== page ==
“They’re throwing shoes at us and telling us they’ll kill us, and we can’t do anything about it,” said U.S. Army Specialist Robert Stacy, 21, of Tulsa, Okla., as he stood guard at the Assassins’ Gate. This darkly named arch stands at the main entrance to the main palace in Baghdad, where the Coalition Provisional Authority is headquartered. Thus it serves, in a way, as the border between American aspiration and Iraqi exasperation.
Inside the palace, which is five minutes by shuttle bus from the gate, coalition hordes work very hard in surroundings that are very soft. At first, it seems that the softness comes from the overflow of luxury that Saddam left behind, from the marble staircases and chandeliers to the enormous number of enormous couches and chairs with enormous pillows (“Have a huge seat,” a British official recently invited me). But, in fact, the scent of privilege derives from the general presumption of convenience, the sense-palpable here and absent almost everywhere else in Baghdad-that electricity is a thing that runs, that telephones are things that ring, that schedules are things that exist.
Outside, Iraqis complain. Just after the war, the local people regarded this gate as a place to come and plead: for work, for medicine, for news of their long-missing son. At that time, the typical supplicant might have been a covered woman with a worry-contorted face. Now, Iraqis seem to regard it as a place to come and wait or be kept waiting, and the Iraqi in question is likely to be a well-pressed business type who genuinely seems to have an appointment with some great, unreachable being behind the gate. (“It’s like going to Oz,” an Army officer groused to me.)
Every so often, though, the Assassins’ Gate still feels the fury of real emotion. Just before I came across Specialist Stacy there, in the middle of October, there had been a mass protest against the coalition’s arrest of a Shia cleric allegedly possessed of many weapons. To hear Specialist Stacy tell it, the demonstration had sped along on the usual route of collective rage, then slammed on the brakes and skidded to a halt just before it reached the point of violence.
“The fear they had is gone,” he observed of the Iraqi attitude toward the likes of him. “The rules of engagement have changed, and they know that. Unless we’re shot at, we can’t do anything.”
Insofar as Specialist Stacy was voicing frustration at what he seemed to view as a jelly-bellied response to the demonstrators, he was describing the rules of a game that those behind the gate well know they need to play with many of those outside it. It is a tricky and confusing game that, for the Americans, isn’t much fun to play-for the upside is mere non-failure and the downside is total disaster.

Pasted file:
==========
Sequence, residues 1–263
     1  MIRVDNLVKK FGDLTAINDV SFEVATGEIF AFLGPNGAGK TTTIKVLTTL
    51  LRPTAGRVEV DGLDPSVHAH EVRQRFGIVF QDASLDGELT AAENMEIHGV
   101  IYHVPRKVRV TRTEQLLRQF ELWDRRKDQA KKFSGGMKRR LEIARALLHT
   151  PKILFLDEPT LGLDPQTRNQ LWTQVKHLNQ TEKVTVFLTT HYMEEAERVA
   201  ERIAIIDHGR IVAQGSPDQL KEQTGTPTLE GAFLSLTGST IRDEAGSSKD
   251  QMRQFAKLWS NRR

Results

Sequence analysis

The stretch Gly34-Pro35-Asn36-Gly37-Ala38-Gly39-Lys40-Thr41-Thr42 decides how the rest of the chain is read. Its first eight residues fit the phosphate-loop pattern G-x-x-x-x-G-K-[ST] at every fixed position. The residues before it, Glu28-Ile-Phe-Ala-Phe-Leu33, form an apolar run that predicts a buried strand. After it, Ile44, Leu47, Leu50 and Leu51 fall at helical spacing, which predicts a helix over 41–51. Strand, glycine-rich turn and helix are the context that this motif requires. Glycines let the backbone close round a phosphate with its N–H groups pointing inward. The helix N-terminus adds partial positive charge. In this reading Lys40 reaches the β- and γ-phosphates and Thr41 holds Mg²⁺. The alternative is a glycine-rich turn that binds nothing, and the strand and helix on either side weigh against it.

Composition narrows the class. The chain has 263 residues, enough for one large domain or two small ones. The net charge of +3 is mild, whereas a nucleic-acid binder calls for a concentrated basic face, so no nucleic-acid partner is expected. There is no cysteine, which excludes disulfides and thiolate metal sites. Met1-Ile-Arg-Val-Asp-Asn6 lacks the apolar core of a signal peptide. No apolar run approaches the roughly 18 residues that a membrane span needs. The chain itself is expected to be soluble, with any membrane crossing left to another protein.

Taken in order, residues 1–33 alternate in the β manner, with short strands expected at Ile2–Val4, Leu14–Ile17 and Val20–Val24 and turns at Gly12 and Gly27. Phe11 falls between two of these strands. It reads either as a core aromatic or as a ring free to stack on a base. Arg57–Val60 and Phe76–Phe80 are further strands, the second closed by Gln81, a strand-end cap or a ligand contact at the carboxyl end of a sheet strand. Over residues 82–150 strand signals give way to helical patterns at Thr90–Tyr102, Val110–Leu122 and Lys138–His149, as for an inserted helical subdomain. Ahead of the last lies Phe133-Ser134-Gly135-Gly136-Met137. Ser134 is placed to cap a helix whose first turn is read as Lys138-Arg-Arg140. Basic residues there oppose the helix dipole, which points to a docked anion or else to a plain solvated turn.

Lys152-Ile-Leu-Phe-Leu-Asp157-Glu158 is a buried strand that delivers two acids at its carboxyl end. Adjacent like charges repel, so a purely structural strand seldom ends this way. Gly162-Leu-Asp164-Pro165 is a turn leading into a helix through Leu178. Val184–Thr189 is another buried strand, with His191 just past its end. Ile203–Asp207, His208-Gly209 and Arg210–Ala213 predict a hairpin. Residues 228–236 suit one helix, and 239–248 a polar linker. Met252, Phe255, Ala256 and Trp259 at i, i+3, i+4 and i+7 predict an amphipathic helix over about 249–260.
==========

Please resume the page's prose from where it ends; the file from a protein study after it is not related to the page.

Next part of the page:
To win the game will be to keep to tolerable levels the collective contempt, rage, pressure and violence from the largest single segment of Iraq’s population. To lose the game will be to lose everything.
The name of the game is: Don’t Piss Off the Shia.
The reasons for Americans to play the game are many and clear. The Shia-the Islamic minority, but Iraqi majority, who believe that only family members of the prophet Muhammad, beginning with his cousin and son-in-law Ali, have the right to lead Muslims-comprise at least 60 percent of the Iraqi population. As the people most oppressed by Saddam Hussein, they were the most given to euphoria as his government fled.
But they are also, by and large, the least educated, the least secular-minded and the most destitute of Iraqis. Therefore, they have proven to be among the most susceptible to the poignant delusion that the removal of Saddam would be immediately followed by the reign of heaven on earth-or, at the very least, by a swift and steady rain of jobs, goods and services to their patronage-parched areas. What has followed instead has been the thud of realization that Iraq is still a ruin, and they are still buried under it.
To play Don’t Piss Off the Shia is to confront the unfathomable forces of religious fanaticism, cultural pride and tribal honor. Then again, it’s also a lot about loot.
The game consists, to an irritating degree, of gauging and then neutralizing the influence of one person, Muqtada Al-Sadr, a 30-year-old cleric who is the son of Muhammad Al-Sadr, the assassinated leader for whom Saddam City, the Baghdad slum, was renamed Sadr City. Mr. Sadr has clearly scented the potential for political relevance in playing the role of spoiler.
The game involves praying for the continued life and relative good will of the Grand Ayatollah Ali Sistani, the septuagenarian who might be called the leading leader of the Shia, and who is playing the role of sage grandfather. Unfortunately, it also involves reading the old man’s mind. Though he has eschewed the notion of any straightforward participation in politics, Ayatollah Sistani has demonstrated a real zest for using his great power to throw all the other powers off balance. Just this week, for instance, he withdrew his members from the town council of the holy city of Karbala-a council that he personally formed after the war, and that had just been reconstituted in an effort to make and keep some kind of peace between his group and Mr. Sadr’s, who have been fighting, and on occasion killing, each other for at least a month now.
From an American point of view, it is tempting-even comforting-to divide the Hawza, or Shia seminary movement, into the “good” Sistani people and the “bad” Sadr people; or, alternatively, into the “bad” Sadr people, who can’t be dealt with, and all the other Shia, who can.
This is not a groundless contention: There are certainly people who fit squarely into one category or the other, and today the number of people whose first loyalty is to Ayatollah Sistani, by every account, far outweighs the number who favor Mr. Sadr. Nonetheless, like so many other either-ors in Iraq, this one is deceptive.